N6A0653_Becky and Her Baby

My 89-year old mother became ill in early February and subsequently died on the 19th, one day prior to my elder sister’s birthday.  We can’t thank our lucky stars enough that we were both there to care for Mom at the end of it all.   From then on, life and work went to hell in a handbasket.  I’d break into tears every time I thought of Mom or thought of (or heard or saw) something that reminded me of Mom, My sister and I constantly second-guessed ourselves concerning Mom (woulda, coulda, shoulda).  I found myself working for a horrible boss who made my work life miserable.  I was not in the least interested in photography.  And my entire life revolved around being Executrix of Mom’s estate.

Poor Mom.  She thought she was leaving my sister and me with a nice little nest egg of her savings.  As it was, my sister and I spent every single penny of that nest-egg savings getting Mom’s house up to snuff so we could finally put it on the market; fingers crossed that this sale goes through smoothly so we can be done with it.  These upgrades included a total re-grade and re-sod of the entire front, back and side yards around the house (including the addition of what they call “French drains” to get the standing water to drain into the ditches around the house thanks to the horrid spring thunderstorms Texas constantly experienced all April and May); installation of more foundation pillars in the hallway; patching and repainting the cracks in the walls caused by the foundation work as well as the house’s normal settling issues here in southeast Texas; re-carpeting the hallway, one bedroom and the large den; getting the electrical issues worked out; installing a new roof to replace the one damaged by a freak April hailstorm; fixing the garage door, removing all of the high-tech hurricane storm shutters; and a number of other smaller issues  – all required by the home inspector’s and the structural engineer’s report and the current realtor’s suggestions to make the house more – well – salable.  This work has all taken two months shy of a year since Mom’s death.  It’s been an albatross around my neck and I can’t thank my sister’s husband enough for all of his help – his 30 years in the construction business has enabled me to keep from going mad and throttling most of the people and businesses within this horrid little Podunk Texas town in which I currently reside.  My experience this year has lead me to believe that there is absolutely no business here in this town that is totally trustworthy.  At least, not when it comes to dealing with a divorced, middle-aged woman such as myself.  Fuck ‘em all, I say.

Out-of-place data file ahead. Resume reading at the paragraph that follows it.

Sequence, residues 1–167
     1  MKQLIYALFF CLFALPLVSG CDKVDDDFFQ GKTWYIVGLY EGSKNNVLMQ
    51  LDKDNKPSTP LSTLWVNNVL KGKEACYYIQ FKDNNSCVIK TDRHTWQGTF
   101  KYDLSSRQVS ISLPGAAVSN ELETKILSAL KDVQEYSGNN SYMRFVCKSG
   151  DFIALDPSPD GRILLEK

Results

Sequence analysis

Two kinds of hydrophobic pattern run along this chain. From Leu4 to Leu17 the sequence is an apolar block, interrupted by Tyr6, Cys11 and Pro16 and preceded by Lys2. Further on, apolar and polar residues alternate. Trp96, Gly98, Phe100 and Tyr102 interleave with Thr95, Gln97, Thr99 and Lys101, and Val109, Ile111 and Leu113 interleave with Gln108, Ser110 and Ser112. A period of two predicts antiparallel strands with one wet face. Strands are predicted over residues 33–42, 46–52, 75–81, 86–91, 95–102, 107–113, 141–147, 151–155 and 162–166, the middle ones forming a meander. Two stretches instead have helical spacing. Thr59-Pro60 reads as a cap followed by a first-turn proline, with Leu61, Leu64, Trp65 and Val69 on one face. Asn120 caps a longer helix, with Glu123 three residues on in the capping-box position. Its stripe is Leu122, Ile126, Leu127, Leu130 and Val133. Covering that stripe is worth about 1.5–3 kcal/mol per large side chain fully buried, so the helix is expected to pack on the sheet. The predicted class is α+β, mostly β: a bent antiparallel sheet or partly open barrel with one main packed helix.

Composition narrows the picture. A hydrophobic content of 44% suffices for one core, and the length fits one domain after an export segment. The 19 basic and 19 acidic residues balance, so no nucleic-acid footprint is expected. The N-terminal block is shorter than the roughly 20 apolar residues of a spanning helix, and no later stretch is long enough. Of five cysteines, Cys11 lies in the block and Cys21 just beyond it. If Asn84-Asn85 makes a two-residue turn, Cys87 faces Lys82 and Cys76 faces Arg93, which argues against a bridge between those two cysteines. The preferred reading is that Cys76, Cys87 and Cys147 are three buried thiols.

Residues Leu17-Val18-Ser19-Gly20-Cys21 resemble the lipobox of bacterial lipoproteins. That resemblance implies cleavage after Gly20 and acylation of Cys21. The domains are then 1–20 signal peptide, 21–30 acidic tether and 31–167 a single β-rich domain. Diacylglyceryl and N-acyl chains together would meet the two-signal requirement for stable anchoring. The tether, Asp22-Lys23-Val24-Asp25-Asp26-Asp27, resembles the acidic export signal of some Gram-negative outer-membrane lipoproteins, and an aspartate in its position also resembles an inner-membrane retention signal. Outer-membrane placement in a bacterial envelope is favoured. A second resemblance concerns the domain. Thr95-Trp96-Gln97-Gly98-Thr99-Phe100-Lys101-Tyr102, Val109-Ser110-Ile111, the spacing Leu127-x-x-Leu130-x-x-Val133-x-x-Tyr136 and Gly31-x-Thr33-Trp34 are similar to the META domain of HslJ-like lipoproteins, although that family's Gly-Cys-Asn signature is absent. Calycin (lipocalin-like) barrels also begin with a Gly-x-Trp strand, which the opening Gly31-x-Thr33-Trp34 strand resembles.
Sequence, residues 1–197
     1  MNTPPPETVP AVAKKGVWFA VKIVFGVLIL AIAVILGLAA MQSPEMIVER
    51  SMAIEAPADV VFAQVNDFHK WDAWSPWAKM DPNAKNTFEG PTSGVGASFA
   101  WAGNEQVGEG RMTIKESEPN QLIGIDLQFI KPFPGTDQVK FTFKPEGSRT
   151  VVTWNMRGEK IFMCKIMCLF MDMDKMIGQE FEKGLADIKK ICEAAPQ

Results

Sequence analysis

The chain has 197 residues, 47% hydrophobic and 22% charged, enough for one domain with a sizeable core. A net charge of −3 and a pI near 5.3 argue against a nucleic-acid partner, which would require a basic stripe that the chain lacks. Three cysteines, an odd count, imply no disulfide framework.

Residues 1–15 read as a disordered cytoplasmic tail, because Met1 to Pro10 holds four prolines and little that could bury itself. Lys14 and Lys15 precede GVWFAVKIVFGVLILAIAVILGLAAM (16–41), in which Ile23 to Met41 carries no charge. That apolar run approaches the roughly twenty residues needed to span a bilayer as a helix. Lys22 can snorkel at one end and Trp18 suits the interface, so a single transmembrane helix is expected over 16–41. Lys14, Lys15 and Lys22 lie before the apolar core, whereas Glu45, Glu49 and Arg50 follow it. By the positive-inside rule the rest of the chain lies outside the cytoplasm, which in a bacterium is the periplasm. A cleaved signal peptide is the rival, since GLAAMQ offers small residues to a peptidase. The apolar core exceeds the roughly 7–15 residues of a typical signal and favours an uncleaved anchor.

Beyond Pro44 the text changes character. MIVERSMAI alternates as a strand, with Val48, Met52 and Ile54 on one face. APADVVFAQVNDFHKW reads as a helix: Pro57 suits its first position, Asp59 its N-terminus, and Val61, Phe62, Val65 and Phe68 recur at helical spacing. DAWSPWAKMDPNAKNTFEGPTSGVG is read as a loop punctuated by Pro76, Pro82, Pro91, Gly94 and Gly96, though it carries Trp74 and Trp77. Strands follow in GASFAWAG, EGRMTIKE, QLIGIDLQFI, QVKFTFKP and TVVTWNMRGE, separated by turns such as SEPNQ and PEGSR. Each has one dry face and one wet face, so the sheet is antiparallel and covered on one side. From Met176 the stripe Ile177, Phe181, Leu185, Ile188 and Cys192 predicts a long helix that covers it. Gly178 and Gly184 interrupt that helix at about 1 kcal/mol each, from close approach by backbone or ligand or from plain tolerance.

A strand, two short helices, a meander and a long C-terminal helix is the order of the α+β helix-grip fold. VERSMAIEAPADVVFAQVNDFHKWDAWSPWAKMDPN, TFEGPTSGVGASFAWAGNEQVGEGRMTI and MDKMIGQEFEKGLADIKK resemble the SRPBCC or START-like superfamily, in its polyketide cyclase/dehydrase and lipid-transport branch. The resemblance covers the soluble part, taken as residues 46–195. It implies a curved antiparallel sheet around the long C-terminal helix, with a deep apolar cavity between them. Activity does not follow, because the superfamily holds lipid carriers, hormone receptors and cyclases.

As you can probably tell by now, this entire experience has given birth to the New Me:  Angry White Woman.

I don’t take shit off of anybody anymore and I’m far more vocal about my feelings, opinions and beliefs (this includes my political and non-religious leanings, much to many of my Facebook friends’ annoyance).  I have discovered I am also far more willing to stick my neck out at work and push back to the dirty politics I experience on behalf of myself and my friends who either cannot or will not push back themselves (it’s easier for me to do it since I’m close to early retirement and I don’t have a family for whom I must provide – this allows me to follow the courage of my convictions).

It’s taken me 54 years, and I’m absolutely certain Mom’s death was the catalyst to make me realize what is truly important in my life.  Hint:  it aint work.  Work is not my life and never has been – it just pays the bills, pays for my camera equipment and allows me to travel.  No, what is really important – to me – is family and people who love me.

Thanksgiving Dinner